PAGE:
The other accessories are alright. You get six pairs of silicone tips (no foamies). You get a soft pvc pouch with their logo on it and a clothes clip. I would have preferred a more durable case, but I’ve beat that drum enough.

The TFZ fit fine in my ear and the cable is comfortable. The included tips work fine. Good to go!

I thought I was good to go. When I went to do my full on sound impressions I lost sound in my left earpiece. I switched to a different inexpensive 2-pin cable, the one that comes with the Shozy-AAW Hibiki Mk.2. It’s an inexpensive and good cable from an IEM in roughly the same price range (about $60). I think the cable is actually an improvement sonically, more body. It’s unfortunate that the cable that came with the Series 2 was not terribly well made, it will definitely affect the rankings.

Sound impressions

As usual, I’ve not burned these in. I have listened to them for about 15-20 hours. These are dynamic driver in-ears, so sound very well could still change. I’m prepared to change what I think about them later. I’m still holding the position that most folks won’t actually go through burning in their headphones in an objective way. They’ll listen to them, which will give brain burn-in as well as mechanical burn in and it will be nearly impossible to tell the difference. If you want to actually tell the difference, take some observations of initial sound with reference tracks, throw them in a drawer with your burn-in routine, and then bring them back out for the same tracks. There’s still flaws in the method:

  • ideally you’d have two headphones with no measurable differences at baseline, with one burned in and the other not before any listening was done
  • they then would be played with minimal switching time at the same volume on the same tracks
  • listening would be blinded to which headphone was used

Since I’m not buying two of any of these, and neither are most consumers, observations about burn in are anecdotal at best, so if you want to do it, at least control some things, like your own perception of the IEMs. Don’t give yourself enough time to get used to them.

The sources for listening were the HiBy R3 and LG V30. I think most folks would be listening out of affordable players or their phone. The LG V30 is widely regarded as one of the best, if not the best, sounding phone. The HiBy R3 has a touch-screen, Bluetooth & WiFi, Tidal, a good form factor and great sound at a very good price ($239). As noted above, I had to switch cables due to what was likely a soldering fault on the 3.5mm jack, so these impressions aren’t pure.

  • Beck – Salt In The Wound is vivacious with groovy bass, some nice maraca percussion and pointy guitars.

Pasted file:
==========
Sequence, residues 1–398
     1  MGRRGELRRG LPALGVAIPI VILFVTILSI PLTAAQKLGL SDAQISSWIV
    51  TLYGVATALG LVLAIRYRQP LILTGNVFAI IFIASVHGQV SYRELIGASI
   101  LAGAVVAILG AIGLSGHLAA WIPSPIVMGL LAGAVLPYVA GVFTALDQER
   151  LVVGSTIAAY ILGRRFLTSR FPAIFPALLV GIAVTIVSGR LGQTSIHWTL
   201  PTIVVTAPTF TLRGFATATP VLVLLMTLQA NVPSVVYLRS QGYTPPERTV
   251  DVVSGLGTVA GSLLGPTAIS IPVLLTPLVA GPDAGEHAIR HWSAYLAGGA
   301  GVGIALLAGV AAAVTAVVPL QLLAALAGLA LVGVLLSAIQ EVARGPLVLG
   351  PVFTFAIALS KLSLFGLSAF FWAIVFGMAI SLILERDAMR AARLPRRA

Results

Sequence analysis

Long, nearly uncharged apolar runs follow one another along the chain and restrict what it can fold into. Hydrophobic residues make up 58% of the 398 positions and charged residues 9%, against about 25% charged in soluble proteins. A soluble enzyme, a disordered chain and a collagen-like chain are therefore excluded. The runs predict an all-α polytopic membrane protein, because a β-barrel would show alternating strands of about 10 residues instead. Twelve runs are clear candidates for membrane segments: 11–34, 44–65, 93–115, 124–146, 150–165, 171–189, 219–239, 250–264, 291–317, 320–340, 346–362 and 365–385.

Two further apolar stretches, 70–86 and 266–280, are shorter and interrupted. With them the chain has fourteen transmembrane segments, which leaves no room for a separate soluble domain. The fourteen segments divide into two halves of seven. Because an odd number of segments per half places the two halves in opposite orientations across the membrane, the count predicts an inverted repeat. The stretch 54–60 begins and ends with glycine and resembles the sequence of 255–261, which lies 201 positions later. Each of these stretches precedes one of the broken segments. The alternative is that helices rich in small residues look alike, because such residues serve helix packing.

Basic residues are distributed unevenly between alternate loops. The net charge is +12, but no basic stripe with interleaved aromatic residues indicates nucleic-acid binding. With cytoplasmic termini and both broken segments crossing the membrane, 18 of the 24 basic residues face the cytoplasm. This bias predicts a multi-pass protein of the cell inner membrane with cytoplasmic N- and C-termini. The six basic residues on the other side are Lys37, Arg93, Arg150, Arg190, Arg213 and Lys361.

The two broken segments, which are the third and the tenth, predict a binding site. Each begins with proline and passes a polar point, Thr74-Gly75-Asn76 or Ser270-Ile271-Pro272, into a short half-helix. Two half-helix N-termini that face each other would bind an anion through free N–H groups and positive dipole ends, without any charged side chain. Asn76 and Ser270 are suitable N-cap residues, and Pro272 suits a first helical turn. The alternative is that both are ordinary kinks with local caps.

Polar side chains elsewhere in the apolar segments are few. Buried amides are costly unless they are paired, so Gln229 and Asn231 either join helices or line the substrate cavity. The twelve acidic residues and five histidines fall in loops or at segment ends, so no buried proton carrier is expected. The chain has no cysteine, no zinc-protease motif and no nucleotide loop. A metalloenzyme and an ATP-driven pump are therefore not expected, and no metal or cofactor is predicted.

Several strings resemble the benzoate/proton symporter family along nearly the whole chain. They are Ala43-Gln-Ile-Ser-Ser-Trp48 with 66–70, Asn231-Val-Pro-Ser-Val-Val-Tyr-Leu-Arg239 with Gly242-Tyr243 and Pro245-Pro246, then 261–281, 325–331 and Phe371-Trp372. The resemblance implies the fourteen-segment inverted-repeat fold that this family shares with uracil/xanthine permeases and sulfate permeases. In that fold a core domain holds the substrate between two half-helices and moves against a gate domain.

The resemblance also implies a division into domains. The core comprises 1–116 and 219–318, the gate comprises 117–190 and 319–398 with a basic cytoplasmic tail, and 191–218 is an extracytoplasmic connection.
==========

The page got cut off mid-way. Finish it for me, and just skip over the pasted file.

• There is a nice delicate breathiness to Amber Rubarth – Washing Day in the vocal department with a touch of inviting warmth, but the bass is a touch soft and slightly recessed.
  • On Amber Rubarth – Tundra the stage gets very slightly outside the ears and depth is okay. The Series 2 doesn’t have a huge soundstage but it is very respectable at this price level.
  • The speed and precision of Animals as Leaders – Lippincott is handled fairly well with only a little bit of blending in really complex portions partly due to slightly shallower depth than the stage in the track. Good performance for under $50.
  • The guiro on Blue Oyster Cult – (Don’t Fear) The Reaper is a touch recessed, along with the rest of the vocal. Guitars are less energetic than the track normally puts out. The differences are only slight, but enough for me to notice. The sound is slightly easy going, a bit less vigourous than expected. This will appeal to some, and not others.
  • The bass on The Shins – Sleeping Lessons is a bit forward and midbass centric with a bit of emphasis and longer lingering. The lower octaves of the bass notes don’t show up in full. The treble doesn’t reach the extension of the track, easy going, as said before. The resolution on the cymbal crashes after about 2:30 is good, not splashy, not tinny, nicely done.
  • Mambo Sun by T. Rex is a simple track, with an easy grooving energy. The energy is a bit more easy going on the Series 2. Tone edges are softer and smoother. Guitars less crunchy.
  • The overall tone of the Series 2 is relaxed with slightly recessed mids, slightly raised and midbass with expanded decay, and a little bit of energy taken off the upper treble. This makes the Series 2 an easy listen for just melting into the music on your daily grind. These aren’t stand up and take notice v-shape in-ears and they aren’t neutral reference either. These are warm, soft and tuneful. They are nice.

6 thoughts on “TFZ Series 2 first impressions, $50 IEM shootout